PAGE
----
17. katie says:

    it is a clash between 2 cultures.
    a culture makes its rules; they can take over how we see and evaluate things.
    in order to being able to really connect to each other, from human to human, we all need to understand what kind of boundaries culture can put on us … and on others.

    culture can put on us a cocoon, so tight that the real part of us can hardly perceive and truly act. if the cocoon get recognized and destroyed, all what remains is us, as humans, and then … we are all so similar.

    1. Walter Paul Bebirian says:

      I like this thought katie – thanks!


  18. lili says:

    we must learn to accept gifts. not so easy to do..

  19. Andrea Lino says:

    Learning to be humble is difficult.

  20. Marie-Christine says:

    sometimes just a little touch on the hand or a squeeze on the shoulder can be the most beautiful gift you can ever have as a token of love
    when it is given with the heart and it makes a big difference.
    with love

    1. Beautiful Marie-Christine

    2. Marie-Christine says:

      Thank you Rosa,
      When I looked at the Doctor, first I did not recognised her because she was wearing a mask, But I saw her humanity through her eyes – they were smiling at me .
      Have you noticed often people’s smiling there is so much content in that that it makes you content,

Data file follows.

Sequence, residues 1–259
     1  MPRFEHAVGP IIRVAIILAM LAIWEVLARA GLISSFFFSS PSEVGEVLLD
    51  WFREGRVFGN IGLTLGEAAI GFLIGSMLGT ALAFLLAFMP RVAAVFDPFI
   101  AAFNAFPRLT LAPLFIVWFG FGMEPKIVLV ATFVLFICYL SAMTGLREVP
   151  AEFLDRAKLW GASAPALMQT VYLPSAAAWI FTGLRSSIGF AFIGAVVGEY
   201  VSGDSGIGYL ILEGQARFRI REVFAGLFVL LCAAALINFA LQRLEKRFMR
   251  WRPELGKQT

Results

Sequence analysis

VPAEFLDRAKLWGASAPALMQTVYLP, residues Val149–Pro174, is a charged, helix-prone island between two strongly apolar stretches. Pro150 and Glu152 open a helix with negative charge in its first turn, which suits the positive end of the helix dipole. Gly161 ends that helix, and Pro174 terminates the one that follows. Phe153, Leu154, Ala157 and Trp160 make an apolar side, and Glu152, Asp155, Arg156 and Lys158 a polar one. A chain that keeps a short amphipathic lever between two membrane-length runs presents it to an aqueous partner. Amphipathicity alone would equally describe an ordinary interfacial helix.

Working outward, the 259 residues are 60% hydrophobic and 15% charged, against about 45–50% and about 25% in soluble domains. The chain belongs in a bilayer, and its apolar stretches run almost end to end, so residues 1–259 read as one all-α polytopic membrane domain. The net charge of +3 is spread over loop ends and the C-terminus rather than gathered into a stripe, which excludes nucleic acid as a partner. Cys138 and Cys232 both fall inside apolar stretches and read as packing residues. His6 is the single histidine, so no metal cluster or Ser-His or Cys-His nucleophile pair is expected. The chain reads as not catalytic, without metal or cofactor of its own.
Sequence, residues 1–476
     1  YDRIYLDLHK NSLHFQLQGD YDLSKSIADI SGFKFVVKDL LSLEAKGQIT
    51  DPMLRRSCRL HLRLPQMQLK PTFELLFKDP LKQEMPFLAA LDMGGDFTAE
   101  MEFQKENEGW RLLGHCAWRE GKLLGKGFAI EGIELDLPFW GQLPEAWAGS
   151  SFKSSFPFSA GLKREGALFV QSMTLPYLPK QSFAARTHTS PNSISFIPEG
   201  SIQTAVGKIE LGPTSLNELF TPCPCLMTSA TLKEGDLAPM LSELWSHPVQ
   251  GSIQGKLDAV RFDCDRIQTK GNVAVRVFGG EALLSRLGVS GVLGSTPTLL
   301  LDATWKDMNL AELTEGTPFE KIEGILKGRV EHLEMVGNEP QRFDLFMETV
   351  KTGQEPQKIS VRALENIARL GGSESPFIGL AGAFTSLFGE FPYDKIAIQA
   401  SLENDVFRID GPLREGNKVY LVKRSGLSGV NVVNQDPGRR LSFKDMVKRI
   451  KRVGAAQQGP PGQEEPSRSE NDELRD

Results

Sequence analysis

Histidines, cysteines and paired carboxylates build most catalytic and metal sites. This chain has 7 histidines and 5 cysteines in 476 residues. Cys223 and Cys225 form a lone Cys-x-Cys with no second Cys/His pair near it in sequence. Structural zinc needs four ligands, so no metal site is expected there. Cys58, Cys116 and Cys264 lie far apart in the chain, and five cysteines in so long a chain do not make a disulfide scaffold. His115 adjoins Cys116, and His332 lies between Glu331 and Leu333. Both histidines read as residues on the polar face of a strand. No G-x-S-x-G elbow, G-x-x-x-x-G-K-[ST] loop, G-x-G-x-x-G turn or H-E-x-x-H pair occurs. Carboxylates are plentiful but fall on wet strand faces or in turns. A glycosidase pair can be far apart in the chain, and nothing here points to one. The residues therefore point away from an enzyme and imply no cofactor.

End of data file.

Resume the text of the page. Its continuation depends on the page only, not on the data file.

Be S.O.S. Save our souls
      Besos para todos (22)
      With love

    3. tabi-labkhand says:

      Yes i am agree with Rosa
      It is beautiful Dear Marie-christine

    4. Marie-Christine says:

      Thank you Dear tabi-labkhand
      it comes from the soul

  21. JOELLE says:

    On a tous quelque chose í  apprendre des autres mais il faut savoir íªtre sage pour ne pas accepter les cadeaux que l’on ne se sent pas capable d’accepter. C’st difficile de refuser un présent ou une petite chose mais la nécessité ne sent fait pas ressentir í  chaque moment . Un simple mot parfois fait plaisir “merci” ou un simple geste tendre , une poignée de mains, un coup d’épaules , un petit sourire au coin des lèvres , un regard généreux, quelques mots , une petite fleur sont suffisants parfois comme remerciements . Le sage donne des leí§ons et l’élève apprend pour les redonner aux autres . C’est la compassion , la reconnaissance.

  22. Alexa says:

    I do no know…the difference was before too, because a master knows more, and that remained I guess. But if the master did not need the gifts, is that way. But we are thought that a gift is to be accepted, else you offend the person who brought it. Maybe the relation was not a good one, otherwise they should understand each other. I would enjoy the gifts…Why, I gave in turn my knowledge, more valuable.